Getting Crafty

The weather’s been a lot better since my last post. Well, mostly better. It was unbearably hot for a couple of days (with the thermometer on my porch hitting 100 degrees at one point), but I’d rather suffer a day or two of sweltering heat than another month of gray skies and rain.

Still haven’t done much of anything, though. I’ve been too caught up in either personal business (which I’ll write about sooner or later) or some projects which I’ve been meaning to get to.

Projects like learning how to make costumes and props out of craft foam.

See, my daughter has a habit of coming up with elaborate costume ideas for Halloween, and we both have interests which tend toward the geeky–interests which could be more effectively served if we knew how to make our own garb and implements to go with them.

So, I finally broke down and bought what amounts to a foam crafting starter kit. Cutting mat, utility knife, contact cement–the whole haul shown in the photo at right. And oh, ho, ho! I’m so not done shopping yet.

Anyway, if you’re wondering where I’ve been and what I’ll be doing until whenever I next update this thing, now you know the answer.

Slack and Woe

Well, my streak was bound to end sooner or later. Haven’t published a blog post since Thursday, only barely touched the socials, and I’ve done almost no work for, like, a week.

Mostly, I blame the weather.

Here in my corner of the world, we’re basically getting week-long streaks of mid-fifties temperatures, gray skies, and rain, broken up by maybe a day here and there of “partly sunny” sixties.

This isn’t exactly what you’d call “ideal” for a person whose mental state has somehow become incredibly dependent on the weather in recent years, and who’s just set walking and photography as the twin pillars of all his stress relief.

So, my last couple of weeks can basically be summed up by the following conditional…

If the weather forecast looks like crap, I will watch Netflix and maybe get half an hour or an hour of work done on something. Otherwise, I will grab my camera, go outside, and walk until my feet and legs beg me to stop.

What I really need at this point is a good four or five day stretch of solidly good weather so that a) I’m no long bogged down by whatever this environmental depression-esque mood thing is, and b) that I don’t feel like Mr. Sun is so rare I have to throw everything else aside to embrace it like it’s the last time we’ll ever see each other.

Not sure when that’s happening, though, so here, have a Buddha.


The Big, Free Light in the Sky

I mentioned I’ve been walking a lot, and taking my camera with me, but I can’t recall writing about why it is that I’ve taken fully 90 percent of my photographs outside.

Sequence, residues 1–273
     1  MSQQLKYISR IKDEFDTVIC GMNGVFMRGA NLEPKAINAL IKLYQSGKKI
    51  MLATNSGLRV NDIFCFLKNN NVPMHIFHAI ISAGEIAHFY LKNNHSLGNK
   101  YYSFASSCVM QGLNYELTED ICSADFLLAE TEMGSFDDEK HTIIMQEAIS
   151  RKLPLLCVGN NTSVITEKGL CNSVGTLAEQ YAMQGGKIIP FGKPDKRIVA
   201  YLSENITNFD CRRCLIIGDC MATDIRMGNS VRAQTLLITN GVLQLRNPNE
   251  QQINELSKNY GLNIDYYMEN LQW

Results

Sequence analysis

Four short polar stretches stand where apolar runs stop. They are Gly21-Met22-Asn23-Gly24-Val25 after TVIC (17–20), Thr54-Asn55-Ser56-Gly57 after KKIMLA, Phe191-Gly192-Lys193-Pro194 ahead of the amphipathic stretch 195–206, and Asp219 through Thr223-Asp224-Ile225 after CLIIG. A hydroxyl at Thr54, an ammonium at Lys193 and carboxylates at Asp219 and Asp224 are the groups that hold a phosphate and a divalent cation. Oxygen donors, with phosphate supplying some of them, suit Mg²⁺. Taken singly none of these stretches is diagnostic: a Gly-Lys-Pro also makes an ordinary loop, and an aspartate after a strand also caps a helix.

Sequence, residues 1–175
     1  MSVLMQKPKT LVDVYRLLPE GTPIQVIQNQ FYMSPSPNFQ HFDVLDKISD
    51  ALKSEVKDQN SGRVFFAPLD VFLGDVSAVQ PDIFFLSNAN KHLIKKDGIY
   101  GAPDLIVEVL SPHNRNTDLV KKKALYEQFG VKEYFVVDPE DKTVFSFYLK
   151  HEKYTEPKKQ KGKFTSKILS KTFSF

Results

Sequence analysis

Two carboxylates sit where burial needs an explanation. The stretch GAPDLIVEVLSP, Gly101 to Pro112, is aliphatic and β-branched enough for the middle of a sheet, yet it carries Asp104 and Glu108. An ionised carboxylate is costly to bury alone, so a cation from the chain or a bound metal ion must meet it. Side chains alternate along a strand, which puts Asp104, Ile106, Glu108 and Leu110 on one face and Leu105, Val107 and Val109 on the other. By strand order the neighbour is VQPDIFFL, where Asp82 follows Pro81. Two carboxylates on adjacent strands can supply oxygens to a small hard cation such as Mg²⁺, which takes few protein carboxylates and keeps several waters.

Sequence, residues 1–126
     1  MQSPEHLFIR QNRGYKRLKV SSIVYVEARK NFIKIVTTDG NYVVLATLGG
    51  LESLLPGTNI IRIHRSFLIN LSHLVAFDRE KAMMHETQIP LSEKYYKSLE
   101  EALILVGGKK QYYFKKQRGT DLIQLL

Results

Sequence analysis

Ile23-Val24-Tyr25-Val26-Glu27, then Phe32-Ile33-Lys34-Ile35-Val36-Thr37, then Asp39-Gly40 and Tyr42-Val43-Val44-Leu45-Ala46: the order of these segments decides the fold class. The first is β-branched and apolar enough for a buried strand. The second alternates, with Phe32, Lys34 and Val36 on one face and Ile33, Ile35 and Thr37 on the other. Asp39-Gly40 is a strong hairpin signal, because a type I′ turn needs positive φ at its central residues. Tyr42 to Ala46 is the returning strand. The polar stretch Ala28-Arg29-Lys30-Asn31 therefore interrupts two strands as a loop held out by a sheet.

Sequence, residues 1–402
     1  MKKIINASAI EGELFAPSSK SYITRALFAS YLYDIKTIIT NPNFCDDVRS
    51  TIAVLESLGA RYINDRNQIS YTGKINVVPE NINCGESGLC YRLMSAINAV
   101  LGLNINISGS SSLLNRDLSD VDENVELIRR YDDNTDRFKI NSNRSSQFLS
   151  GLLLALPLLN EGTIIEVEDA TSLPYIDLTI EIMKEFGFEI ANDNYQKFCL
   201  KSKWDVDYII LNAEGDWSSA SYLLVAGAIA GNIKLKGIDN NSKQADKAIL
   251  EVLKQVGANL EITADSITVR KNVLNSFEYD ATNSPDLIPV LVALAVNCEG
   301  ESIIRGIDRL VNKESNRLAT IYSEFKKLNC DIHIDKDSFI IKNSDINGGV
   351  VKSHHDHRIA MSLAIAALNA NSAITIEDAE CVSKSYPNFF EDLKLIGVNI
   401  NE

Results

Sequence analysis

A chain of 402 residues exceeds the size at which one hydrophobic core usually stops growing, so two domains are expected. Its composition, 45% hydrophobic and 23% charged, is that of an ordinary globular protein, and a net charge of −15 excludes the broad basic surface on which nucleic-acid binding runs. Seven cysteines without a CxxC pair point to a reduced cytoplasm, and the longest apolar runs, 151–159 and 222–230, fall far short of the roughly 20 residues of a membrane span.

In a word: light.

Since photography is nothing more or less than capturing light, pretty much everything you do with a camera is down to the number and qualities of the photons around you. And if you’re both a beginning photographer and poor, you’ll quickly discover that the cheapest and more readily-available source of good lighting is the Day Star hovering in the sky.

I live my life by the weather, now.

My phone says it’s going to be bleak and rainy? That’s a writing and desk day. Butt in the chair, crank out or clean up words on the screen, and keep the coffee brewing.

When the forecast says partly cloudy and 70 degrees, though? That’s when I steal an hour or two and head into the great, big studio we call “outdoors.”

Because, unfortunately, that’s really the only way I can manage to shoot anything and not have it look like desaturated ass.

The light in my home is truly abysmal, with windows in all the wrong places, and far too few lamps to do anything about it. About my best hope to get a good photo indoors is to wait until after dark, set up in my kitchen, and do long exposure light painting with a flashlight.

That’s…less than ideal.

Don’t get me wrong, I like going outside to shoot. It’d just be nice if it was more an option as opposed to a requirement.

There’s hope, yet, though. It looks like next month I’ll be able to start building up a decent lighting kit that I can set up and break down with relative ease. I’ll be starting with a one-light setup, but I’m picking my lights and accessories (like stands and batteries) with the plan to expanding it to a three-point system and beyond.

With any luck–and a lot of saving my pennies–I’ll have a passable studio set up by the time winter hits and my desire to go outside hits its annual low.